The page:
When a gentle south breeze began to blow, they assumed they could make it, so they pulled up anchor and sailed close to Crete.

By this point, Paul had already told them that it was too late in the year to set sail, but the captain of the ship refused to acknowledge him. When they felt a gentle southern breeze, they assumed it was what they needed. Again, they had a plan. That gentle wind quickly turned into hurricane-force winds and rains that completely derailed the entire voyage. In fact, that Bible says that the winds were so strong and the rains were so torrential that the sailors finally gave up and allows the ship to be driven by the hurricane (Acts 27:15).

Have you ever been in a similar situation? Where it seems like you have absolutely no control over what’s going on in your own life? It’s normal. Sometimes the “storms” that we face in life are so incredibly powerful that they take control of where we’re going. The most heartbreaking verse of this entire story is found shortly after the sailors gave up.

Acts 27:20 (TPT)
After many days of seeing neither the sun nor the stars, and with the violent storm continuing to rage against us, all hope of ever getting through it alive was abandoned.

This story (along with the rest of the Book of Acts) was written by Saint Luke who was a companion of Paul. In Acts 27:3 we found out that Julius allowed Paul’s friends to come to him. Luke, the writer of the Gospel who bears his name gave up on surviving the storm. “All hope of ever getting through the storm alive was abandoned.”

With no hope, no direction and no sign of daylight, things were looking pretty bleak. What happened to, “You will go to Rome?” It’s easy to lose sight of the promise when we’re in the middle of the storm. You would have to believe that whatever the plan was for Paul’s trip to Rome, it didn’t include all of this.

Finally, the sailors caught a glimpse of land. Managing to turn the ship towards this unknown island, they aimed the vessel towards the shore. However, the boat got stuck on some rocks and was “smashed by the pounding of the surf” (Acts 27:41). While some prisoners and crew members were able to swim to shore, the rest of them were forced to get more creative.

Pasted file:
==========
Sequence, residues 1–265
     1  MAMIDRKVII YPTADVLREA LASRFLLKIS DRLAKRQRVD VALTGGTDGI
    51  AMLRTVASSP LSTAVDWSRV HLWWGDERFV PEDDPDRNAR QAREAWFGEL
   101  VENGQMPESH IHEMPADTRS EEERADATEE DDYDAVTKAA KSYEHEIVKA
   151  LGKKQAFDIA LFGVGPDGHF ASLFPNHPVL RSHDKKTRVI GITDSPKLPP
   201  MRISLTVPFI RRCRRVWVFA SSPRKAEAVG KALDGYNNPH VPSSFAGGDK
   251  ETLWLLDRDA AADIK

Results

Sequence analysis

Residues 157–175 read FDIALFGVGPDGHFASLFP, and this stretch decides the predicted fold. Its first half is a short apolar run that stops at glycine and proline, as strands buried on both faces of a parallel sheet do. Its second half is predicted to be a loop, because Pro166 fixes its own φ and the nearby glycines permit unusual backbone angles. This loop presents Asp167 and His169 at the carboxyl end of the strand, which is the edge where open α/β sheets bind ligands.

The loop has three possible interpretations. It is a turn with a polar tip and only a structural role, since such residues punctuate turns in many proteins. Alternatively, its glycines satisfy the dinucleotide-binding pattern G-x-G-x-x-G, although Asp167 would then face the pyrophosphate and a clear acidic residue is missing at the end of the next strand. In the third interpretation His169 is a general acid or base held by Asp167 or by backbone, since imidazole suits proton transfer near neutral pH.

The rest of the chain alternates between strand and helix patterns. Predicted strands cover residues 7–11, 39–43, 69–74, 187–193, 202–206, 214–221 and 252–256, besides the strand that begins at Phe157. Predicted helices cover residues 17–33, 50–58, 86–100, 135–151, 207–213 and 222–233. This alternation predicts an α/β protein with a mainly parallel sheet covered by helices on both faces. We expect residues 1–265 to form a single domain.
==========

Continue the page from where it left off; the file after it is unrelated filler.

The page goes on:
Acts 27:44 (TPT)
The rest all managed to survive by clinging to planks and broken pieces of the ship, so that everyone scrambled to the shore uninjured.

This is the definition of the plan falling apart. The ship that everyone assumed was on its way to Rome has now fallen apart off the coast of an unknown island. Paul wound up ministering to the people on that island, healing many of their sick. That’s because God can use those moments where it seems like our plans have been destroyed as a way to display His power.

Acts 28, and subsequently the Book of Acts closes with Paul’s arrival in Rome after three months on the island where the ship ran aground. Take a look at the last two verses of the Book of Acts:

Acts 28:30-31 (TPT)
Paul lived two more years in Rome, in his own rented quarters, welcoming all who came to visit. He continued to proclaim to all the truths of God’s kingdom realm, teaching them about the Lord Jesus, the Anointed One, speaking triumphantly and without any restriction.

The storm and the shipwreck did nothing to deter God’s plan for Paul in Rome. Your storms don’t do anything to hinder His plan for you. How do we handle it when our plans completely fall apart? We grab onto whatever we can, and we try to get to shore, just like Paul and the others did with the ship. What do we grab onto? The promise that God has given us. The promise that He is for us. The promise that He will be with us. The promise that He will protect us.

A Closing Prayer:
God, You know that I didn’t plan on things going the way that they have, but I know that you have a purpose for my failed plans. Help me to remain faithful until You take me to where I’m going. In Christ’s name, Amen.